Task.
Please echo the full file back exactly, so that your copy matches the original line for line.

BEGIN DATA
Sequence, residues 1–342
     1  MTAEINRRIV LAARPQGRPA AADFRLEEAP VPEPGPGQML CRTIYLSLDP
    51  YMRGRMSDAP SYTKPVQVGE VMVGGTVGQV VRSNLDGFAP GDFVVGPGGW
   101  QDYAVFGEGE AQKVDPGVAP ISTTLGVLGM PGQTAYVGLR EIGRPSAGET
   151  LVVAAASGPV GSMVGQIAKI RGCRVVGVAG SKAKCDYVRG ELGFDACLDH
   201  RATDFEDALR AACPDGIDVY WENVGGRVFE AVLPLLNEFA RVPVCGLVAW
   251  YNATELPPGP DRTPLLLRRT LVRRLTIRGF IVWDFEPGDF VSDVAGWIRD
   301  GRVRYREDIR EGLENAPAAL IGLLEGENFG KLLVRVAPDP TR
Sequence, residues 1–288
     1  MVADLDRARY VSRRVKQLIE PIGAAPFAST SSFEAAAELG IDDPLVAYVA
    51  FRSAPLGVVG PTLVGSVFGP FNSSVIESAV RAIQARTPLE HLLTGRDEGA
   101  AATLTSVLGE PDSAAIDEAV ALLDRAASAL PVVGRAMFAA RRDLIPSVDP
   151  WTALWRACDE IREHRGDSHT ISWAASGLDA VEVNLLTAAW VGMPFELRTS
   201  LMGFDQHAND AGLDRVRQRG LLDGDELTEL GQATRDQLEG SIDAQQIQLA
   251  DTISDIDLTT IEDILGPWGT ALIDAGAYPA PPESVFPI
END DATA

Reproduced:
Sequence, residues 1–342
     1  MTAEINRRIV LAARPQGRPA AADFRLEEAP VPEPGPGQML CRTIYLSLDP
    51  YMRGRMSDAP SYTKPVQVGE VMVGGTVGQV VRSNLDGFAP GDFVVGPGGW
   101  QDYAVFGEGE AQKVDPGVAP ISTTLGVLGM PGQTAYVGLR EIGRPSAGET
   151  LVVAAASGPV GSMVGQIAKI RGCRVVGVAG SKAKCDYVRG ELGFDACLDH
   201  RATDFEDALR AACPDGIDVY WENVGGRVFE AVLPLLNEFA RVPVCGLVAW
   251  YNATELPPGP DRTPLLLRRT LVRRLTIRGF IVWDFEPGDF VSDVAGWIRD
   301  GRVRYREDIR EGLENAPAAL IGLLEGENFG KLLVRVAPDP TR
Sequence, residues 1–288
     1  MVADLDRARY VSRRVKQLIE PIGAAPFAST SSFEAAAELG IDDPLVAYVA
    51  FRSAPLGVVG PTLVGSVFGP FNSSVIESAV RAIQARTPLE HLLTGRDEGA
   101  AATLTSVLGE PDSAAIDEAV ALLDRAASAL PVVGRAMFAA RRDLIPSVDP
   151  WTALWRACDE IREHRGDSHT ISWAASGLDA VEVNLLTAAW VGMPFELRTS
   201  LMGFDQHAND AGLDRVRQRG LLDGDELTEL GQATRDQLEG SIDAQQIQLA
   251  DTISDIDLTT IEDILGPWGT ALIDAGAYPA PPESVFPI